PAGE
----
With Celtic, Stein won the European Cup, ten Scottish league championships, eight Scottish Cups and six Scottish League Cups. He briefly managed Leeds United, before coaching Scotland from 1978 until his death in 1985. 

José Mourinho

Number of trophies: 26

José Mourinho is one of the most decorated managers of all time, and is up there as one of the greats. Mourinho began managing Porto in 2002, where he won the Primeira Liga twice, the UEFA Cup, UEFA Champions League and Taca de Portugal

He then moved to Chelsea in 2004 where he went on to win two Premier League titles, two League Cups and an FA Cup. He joined Inter Milan in 2008 where he won the Serie A twice, the Coppo Italia and the UEFA Champions League. After that, Mourinho moved to Real Madrid and won the La Liga with record points, the Copa del Rey and a Supercopa de Espana.

Mourinho also managed Manchester United, where he won the UEFA Europa League, League Cup and FA Community Shield. He moved to Roma in 2021 and won the inaugural UEFA Europa Conference League.

Valeriy Lobanovskyi

Number of trophies: 29

Valeriy Lobanovskyi is best-known as the manager of FC Dynamo Kyiv and the USSR national team, and was the most successful manager of the 20th century. Lobanovyski saw great success with Dynamo in the 1970s and 80s, winning the Soviet Top League eight times and the Soviet Cup six times. In 1975, under the leadership of Lobanovyski, Dynamo became the first team from the Soviet Union to win a major European trophy (The Cup Winners’ Cup).

Lobanovskyi holds multiple records in Soviet football, including most Soviet League titles, most Soviet Cup wins and most USSR Super Cup wins. He is also the only manager to win a major European competition with an Eastern European club twice.

Pep Guardiola

Number of trophies: 36

Pep Guardiola is one of the most famous names on the list, and is respected around the world. After retiring as a player, Guardiola briefly managed Barcelona B, before taking on the first team in 2008. In his first season with Barcelona, he won the continental treble of La Liga, the Copa del Rey and the UEFA Champions League. In 2011, he was named the FIFA World Coach of the Year, and ended his stint at Barcelona in 2012 with 14 honours. 

Guardiola joined Bayern Munich in 2013 and won the Bundesliga in each of his three seasons. He left Munich in 2016 to manage Manchester City, and led them to the Premier League title in his second season as manager. Since then, he has helped City win the domestic treble, their first Champions League final, and their first Champions League title as part of the continental treble.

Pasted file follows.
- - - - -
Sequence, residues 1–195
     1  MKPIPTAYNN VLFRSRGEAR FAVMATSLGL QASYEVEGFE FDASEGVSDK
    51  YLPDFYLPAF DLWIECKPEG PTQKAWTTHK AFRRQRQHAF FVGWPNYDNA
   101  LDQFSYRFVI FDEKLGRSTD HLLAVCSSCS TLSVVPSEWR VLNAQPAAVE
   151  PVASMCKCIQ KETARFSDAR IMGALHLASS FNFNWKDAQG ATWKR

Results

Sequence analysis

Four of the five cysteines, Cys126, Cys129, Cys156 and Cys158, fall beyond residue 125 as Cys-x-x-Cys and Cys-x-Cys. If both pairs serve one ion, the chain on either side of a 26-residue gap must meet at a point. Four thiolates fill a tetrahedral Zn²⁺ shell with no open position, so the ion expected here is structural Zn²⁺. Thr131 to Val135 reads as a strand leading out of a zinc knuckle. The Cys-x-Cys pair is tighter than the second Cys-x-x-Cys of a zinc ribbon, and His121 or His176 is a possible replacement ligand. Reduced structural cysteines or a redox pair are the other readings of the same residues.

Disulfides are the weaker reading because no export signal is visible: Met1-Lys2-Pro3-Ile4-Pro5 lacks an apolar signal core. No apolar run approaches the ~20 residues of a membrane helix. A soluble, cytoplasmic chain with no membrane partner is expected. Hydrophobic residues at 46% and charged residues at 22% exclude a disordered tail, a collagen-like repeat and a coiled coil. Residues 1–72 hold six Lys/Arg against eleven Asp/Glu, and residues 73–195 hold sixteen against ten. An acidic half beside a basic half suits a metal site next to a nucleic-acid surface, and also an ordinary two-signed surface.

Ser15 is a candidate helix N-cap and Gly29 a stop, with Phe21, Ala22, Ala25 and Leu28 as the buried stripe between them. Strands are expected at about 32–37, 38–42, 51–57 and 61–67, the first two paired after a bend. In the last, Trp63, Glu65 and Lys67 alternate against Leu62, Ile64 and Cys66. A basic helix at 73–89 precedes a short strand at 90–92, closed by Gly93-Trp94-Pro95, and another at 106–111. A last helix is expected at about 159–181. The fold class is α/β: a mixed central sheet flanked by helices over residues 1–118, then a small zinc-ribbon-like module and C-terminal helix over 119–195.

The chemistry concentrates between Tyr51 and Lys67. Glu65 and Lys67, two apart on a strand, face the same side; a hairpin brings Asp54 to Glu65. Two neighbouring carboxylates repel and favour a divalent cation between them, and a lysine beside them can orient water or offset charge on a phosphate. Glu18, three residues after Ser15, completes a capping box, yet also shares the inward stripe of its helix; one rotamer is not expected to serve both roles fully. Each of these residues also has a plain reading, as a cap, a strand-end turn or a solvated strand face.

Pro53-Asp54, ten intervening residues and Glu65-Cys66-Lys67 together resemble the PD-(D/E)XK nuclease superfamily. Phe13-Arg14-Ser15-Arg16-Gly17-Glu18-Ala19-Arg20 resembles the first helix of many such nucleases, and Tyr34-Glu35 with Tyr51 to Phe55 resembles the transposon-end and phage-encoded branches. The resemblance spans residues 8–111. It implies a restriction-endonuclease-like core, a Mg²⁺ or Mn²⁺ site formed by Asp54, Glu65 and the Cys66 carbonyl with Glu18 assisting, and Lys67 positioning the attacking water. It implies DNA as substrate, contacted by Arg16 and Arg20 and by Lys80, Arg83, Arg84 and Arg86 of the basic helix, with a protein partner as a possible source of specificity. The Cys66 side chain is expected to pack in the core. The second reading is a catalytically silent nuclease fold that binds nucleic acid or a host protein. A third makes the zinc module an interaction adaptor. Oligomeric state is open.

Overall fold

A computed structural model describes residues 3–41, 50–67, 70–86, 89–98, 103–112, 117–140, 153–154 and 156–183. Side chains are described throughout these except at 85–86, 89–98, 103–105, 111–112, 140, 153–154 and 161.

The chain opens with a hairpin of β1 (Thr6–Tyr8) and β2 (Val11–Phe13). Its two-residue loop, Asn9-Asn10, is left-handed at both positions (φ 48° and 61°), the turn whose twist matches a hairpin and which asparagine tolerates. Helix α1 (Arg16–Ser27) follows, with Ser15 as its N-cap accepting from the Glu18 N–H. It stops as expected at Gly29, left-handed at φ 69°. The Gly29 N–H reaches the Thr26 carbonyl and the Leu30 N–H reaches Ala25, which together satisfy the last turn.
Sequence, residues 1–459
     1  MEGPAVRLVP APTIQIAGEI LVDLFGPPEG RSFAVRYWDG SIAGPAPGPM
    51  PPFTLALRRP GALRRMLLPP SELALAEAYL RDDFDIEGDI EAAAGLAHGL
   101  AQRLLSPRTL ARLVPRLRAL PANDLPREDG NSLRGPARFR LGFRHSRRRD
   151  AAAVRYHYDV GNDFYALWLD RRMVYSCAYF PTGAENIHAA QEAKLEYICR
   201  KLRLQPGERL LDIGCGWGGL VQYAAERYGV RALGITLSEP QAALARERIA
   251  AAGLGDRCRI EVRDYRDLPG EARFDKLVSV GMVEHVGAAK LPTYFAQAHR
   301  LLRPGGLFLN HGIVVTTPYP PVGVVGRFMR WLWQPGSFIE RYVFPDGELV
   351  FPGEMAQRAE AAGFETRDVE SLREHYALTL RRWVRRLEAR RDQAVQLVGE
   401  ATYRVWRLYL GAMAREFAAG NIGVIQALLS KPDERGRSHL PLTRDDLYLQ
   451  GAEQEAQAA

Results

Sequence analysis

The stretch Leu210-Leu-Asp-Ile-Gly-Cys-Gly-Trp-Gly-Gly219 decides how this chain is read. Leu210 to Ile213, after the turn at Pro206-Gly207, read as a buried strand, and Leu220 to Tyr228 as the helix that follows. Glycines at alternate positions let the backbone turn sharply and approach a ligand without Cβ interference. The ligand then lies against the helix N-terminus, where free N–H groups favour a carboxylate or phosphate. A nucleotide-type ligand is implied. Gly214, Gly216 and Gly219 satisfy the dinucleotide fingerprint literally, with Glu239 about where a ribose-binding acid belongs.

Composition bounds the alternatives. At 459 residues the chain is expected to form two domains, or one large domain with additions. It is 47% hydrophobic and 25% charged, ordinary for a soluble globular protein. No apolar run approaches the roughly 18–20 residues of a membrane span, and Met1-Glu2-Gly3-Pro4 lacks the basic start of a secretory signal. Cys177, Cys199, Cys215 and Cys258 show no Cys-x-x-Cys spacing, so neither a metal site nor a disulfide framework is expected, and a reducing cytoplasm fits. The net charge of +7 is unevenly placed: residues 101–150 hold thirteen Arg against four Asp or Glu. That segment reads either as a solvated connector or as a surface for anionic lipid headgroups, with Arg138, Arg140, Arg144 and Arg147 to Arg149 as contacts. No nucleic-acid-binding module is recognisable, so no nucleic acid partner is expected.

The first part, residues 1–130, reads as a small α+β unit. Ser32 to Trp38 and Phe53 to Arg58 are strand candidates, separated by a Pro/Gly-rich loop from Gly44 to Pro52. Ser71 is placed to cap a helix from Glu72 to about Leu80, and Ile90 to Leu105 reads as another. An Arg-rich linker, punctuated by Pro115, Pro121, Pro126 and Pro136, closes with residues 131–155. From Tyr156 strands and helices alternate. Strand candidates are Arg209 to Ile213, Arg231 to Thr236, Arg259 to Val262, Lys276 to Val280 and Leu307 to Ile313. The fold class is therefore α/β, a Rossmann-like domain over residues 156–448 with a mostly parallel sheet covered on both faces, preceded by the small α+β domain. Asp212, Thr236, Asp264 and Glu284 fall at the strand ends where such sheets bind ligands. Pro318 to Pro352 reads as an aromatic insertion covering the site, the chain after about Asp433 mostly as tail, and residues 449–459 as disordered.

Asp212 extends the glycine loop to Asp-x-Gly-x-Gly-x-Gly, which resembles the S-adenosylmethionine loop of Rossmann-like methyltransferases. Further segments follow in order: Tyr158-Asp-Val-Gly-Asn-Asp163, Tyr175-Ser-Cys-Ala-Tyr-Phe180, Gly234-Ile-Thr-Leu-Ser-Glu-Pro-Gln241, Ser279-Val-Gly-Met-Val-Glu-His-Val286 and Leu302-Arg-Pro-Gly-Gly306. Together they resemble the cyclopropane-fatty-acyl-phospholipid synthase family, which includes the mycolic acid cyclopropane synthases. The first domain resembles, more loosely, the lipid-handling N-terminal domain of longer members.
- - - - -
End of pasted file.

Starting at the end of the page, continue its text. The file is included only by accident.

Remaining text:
Mircea Lucescu

Number of trophies: 36

Romanian manager, Mircea Lucescu has coached a variety of sides in Romania, Italy, Turkey, Ukraine and Russia, and is best known for his twelve-year stint managing Shakhtar Donetsk. With Shakhtar Donetsk, he won eight Ukranian Premier League titles, six Ukrainian Cups, Seven Ukrainian Super Cups and a UEFA Cup. 

Lusescu also won trophies with Dynamo Kyiv, as well as Divizia A Titles with Dinamo București and Rapid București, and Turkish Süper Lig titles with Galatasaray and Beşiktaş. Lusescu was named Romania Coach of the Year and Ukraine Coach of the Year multiple times, and was given the Manager of the Decade award in Romania in 2013. 

Sir Alex Ferguson 

Number of trophies: 49

Top of the list, and widely regarded as the greatest football manager of all time, is Sir Alex Ferguson. Ferguson is best known for managing Manchester United, which he did from 1986 until 2013. During his 26-year stint with United, Ferguson won 38 trophies, including two UEFA Champions League titles, five FA Cups, and 13 Premier League titles. 

Before joining United, Ferguson enjoyed a successful period as manager of Aberdeen. He helped the club win three Scottish league championships, four Scottish Cups and the UEFA Cup Winners’ Cup in 1983. He also briefly managed the Scottish national team and took them to the 1986 World Cup.

Final Thoughts 

We’ve gone through the top 11 football managers with the most trophies, and discussed their various impressive achievements. All of these names have made a huge impact during their managerial career, and will be remembered for years to come. 

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Lydia Reynolds

Written by Lydia Reynolds

Lydia is a writer with a passion for sport. A lifelong fan of Sheffield United, she keeps close tabs on the Premier League, and loves digging into football data. She holds a degree in English Literature. When she's not writing, you'll find her swotting up on football transfers, or skiing in the alps.